To prevent rapes, it’s important to understand why they occur
The greater the affluence of a state, the lower is the frequency of rapes. If affluence and better protection of women against sexual violence go together, rapes are less likely. The effect, however, is smallopinion Updated: Dec 21, 2016 12:48 IST
Between 2001 and 2015 the number of rapes doubled in India. In Delhi, the rise was six-fold. If we go by the incidence of rapes (i.e. number of rapes divided by 100,000 women), it was the worst state in 2015, followed by the Northeast (excluding Assam). Among the best were Tamil Nadu, Sikkim and Gujarat. While Gujarat and Tamil Nadu were among the best performers in 2001 too, Karnataka was the best then.
In 2015, the incidence of rapes varied from a high of 24 per 100,000 women in Delhi to a low of 1.2 in Tamil Nadu. Our analysis throws light on the underlying reasons.
One influential view is that rape is about universally male imperatives of dominance and control, and thus shifts the focus from individual pathologies and moral harms to issues of systemic inequality and justice. A more nuanced view is that dominance and control are set in male attributes and behaviour (“masculinity”), regarded as a shared social ideal.
Violence is not necessarily a part of masculinity, but the two are often closely linked, mediated by class, caste and region.
A recent survey by the United Nations Population Fund in 2014 showed that more than three-fourths of men expected their partners to agree if they wanted to have sex and more than half of men didn’t expect their partners to use contraceptives without their permission. Thirty-two per cent of men demonstrated a more rigid masculinity, as they believed that women and men are inherently unequal.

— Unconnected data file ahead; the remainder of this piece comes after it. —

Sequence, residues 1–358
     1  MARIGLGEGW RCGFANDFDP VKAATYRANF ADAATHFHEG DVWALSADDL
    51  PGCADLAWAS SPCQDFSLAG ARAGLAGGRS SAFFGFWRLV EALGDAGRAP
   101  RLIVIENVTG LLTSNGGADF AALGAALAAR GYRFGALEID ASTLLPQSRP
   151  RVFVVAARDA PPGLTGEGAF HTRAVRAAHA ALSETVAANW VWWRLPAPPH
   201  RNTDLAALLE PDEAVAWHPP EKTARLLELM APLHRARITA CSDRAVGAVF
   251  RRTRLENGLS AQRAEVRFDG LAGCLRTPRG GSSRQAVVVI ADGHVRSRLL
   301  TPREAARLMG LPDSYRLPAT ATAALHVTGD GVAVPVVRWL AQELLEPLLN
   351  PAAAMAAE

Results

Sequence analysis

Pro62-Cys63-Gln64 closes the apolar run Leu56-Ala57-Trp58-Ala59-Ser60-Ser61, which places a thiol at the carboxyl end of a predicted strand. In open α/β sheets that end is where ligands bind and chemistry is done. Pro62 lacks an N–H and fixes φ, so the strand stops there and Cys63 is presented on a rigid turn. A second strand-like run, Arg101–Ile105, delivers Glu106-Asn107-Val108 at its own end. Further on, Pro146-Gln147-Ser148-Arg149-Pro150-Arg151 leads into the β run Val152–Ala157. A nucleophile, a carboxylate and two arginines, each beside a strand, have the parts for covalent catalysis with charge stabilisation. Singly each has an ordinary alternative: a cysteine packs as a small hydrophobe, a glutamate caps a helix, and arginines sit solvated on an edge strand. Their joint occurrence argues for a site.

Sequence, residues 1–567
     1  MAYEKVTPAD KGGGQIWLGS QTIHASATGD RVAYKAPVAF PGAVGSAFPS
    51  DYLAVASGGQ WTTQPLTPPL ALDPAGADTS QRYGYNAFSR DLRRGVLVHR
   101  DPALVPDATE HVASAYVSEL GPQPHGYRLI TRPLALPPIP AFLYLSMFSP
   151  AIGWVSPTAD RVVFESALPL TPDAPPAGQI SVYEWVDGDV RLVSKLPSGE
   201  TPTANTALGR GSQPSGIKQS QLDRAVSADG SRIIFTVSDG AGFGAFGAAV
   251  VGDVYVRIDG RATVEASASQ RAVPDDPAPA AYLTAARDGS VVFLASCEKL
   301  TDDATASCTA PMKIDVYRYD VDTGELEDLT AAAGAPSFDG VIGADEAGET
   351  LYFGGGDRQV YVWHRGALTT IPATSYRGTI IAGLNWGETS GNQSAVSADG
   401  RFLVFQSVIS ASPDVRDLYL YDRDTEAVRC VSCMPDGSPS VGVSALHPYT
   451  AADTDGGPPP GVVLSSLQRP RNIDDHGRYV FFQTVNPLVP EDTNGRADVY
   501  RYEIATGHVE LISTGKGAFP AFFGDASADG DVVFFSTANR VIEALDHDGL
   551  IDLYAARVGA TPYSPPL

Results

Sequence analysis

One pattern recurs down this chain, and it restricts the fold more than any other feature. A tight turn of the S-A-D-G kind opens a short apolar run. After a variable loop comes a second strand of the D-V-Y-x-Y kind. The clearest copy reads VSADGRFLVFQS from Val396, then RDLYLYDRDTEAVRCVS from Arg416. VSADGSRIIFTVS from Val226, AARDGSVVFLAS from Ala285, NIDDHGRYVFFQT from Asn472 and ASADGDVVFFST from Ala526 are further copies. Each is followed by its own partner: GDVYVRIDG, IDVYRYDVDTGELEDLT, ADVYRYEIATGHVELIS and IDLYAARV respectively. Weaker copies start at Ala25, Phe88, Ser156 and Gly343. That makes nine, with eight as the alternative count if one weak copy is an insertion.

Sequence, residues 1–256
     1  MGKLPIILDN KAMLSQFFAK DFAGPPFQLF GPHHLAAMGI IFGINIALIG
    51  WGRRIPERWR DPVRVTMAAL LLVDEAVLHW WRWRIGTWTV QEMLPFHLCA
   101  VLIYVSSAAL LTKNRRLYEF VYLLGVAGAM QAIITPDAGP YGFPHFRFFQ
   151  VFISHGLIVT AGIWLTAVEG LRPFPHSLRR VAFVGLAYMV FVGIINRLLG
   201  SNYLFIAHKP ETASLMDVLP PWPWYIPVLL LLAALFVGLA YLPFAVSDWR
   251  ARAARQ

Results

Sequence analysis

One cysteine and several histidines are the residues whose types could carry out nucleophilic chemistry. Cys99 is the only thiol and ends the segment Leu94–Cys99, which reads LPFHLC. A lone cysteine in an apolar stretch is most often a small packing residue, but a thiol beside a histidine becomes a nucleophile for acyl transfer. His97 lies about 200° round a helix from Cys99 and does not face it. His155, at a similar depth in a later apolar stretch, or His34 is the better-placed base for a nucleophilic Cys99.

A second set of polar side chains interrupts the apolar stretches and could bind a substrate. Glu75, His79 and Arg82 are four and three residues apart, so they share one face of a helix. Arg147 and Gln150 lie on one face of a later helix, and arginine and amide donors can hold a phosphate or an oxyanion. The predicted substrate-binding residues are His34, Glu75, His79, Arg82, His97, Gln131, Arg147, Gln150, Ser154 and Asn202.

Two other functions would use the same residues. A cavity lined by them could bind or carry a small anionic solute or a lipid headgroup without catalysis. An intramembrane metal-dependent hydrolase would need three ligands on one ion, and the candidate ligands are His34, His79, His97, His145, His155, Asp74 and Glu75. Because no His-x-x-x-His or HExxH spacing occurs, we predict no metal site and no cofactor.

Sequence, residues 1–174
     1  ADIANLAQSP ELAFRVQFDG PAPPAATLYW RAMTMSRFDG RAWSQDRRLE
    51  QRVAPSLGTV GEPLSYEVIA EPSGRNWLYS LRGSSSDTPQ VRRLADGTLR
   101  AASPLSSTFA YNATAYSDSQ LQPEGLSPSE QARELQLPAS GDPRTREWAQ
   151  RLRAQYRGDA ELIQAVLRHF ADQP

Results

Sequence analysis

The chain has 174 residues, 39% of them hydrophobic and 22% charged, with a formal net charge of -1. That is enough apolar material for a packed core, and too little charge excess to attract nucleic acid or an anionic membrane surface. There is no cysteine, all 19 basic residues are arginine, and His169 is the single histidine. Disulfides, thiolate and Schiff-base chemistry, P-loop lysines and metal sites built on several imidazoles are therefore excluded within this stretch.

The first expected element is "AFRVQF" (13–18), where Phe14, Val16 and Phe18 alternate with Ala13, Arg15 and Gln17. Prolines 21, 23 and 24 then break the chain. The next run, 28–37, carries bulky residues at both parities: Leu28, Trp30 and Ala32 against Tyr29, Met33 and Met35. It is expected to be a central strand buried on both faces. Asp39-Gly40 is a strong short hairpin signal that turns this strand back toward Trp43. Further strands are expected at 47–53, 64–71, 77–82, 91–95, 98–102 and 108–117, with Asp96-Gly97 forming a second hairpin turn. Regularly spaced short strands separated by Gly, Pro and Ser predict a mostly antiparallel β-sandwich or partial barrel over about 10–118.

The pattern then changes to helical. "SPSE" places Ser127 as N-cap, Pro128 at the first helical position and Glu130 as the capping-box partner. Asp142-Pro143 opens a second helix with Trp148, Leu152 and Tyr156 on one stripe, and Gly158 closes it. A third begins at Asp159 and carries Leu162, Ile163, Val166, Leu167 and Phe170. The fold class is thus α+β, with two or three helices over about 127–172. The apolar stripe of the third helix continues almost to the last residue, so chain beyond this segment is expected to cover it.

Caste hierarchy matters. Upper-caste men systematically rape women of low castes in north Indian villages. But when lower-caste men rape a woman of an upper caste, it becomes a crime to be prosecuted to the fullest extent of the law, as it violates social norms.
Notions of honour are central to the discourse on rape. The rape of a daughter, sister or wife is a source of dishonour to males within the family structure. This deters the reporting of rape to the police, reinforced by a belief in the impunity of perpetrators, the fear of retaliation, and humiliation by the police through physical and verbal abuse.
Using state-level data, we make an attempt to identify some key characteristics that help understand better why rapes are more frequent in some states.
The greater the affluence of a state, the lower is the frequency of rapes. If affluence and better protection of women against sexual violence go together, rapes are less likely. The effect, however, is small.
An important demographic is the ratio of females per 1,000 males. Amartya Sen in a series of papers attributes the low sex ratio or the sex imbalance to gender disparity from the womb to older age. This disparity manifests in high female foeticide, low birthweight babies, high neonatal mortality, high maternal mortality through iniquitous intra-household allocation of food and medical care. Although there has been a slight improvement in the all-India sex ratio, there is a huge disparity across states. Some of the affluent states such as Delhi, Haryana and Punjab also have the lowest sex ratios. Scarcity of women is associated with higher incidence of rapes. This effect is in fact much stronger than that of affluence.
Low bargaining power acquired by women through labour force participation exacerbates their vulnerability to coercive sexual intercourse, especially if the male spouse is unemployed.
One major problem with anti-rape laws is that their enforcement is feeble and painfully slow, and thus largely inconsequential as a deterrent to sexual violence. Interventions that address masculinity seem to be more effective than those that ignore the powerful influence of gender norms and systems of inequality.
Geetika Dang is an independent researcher, Vani S Kulkarni is a lecturer in sociology, University of Pennsylvania, and Raghav Gaiha is a visiting scientist, Harvard TH Chan School of Public Health
The views expressed are personal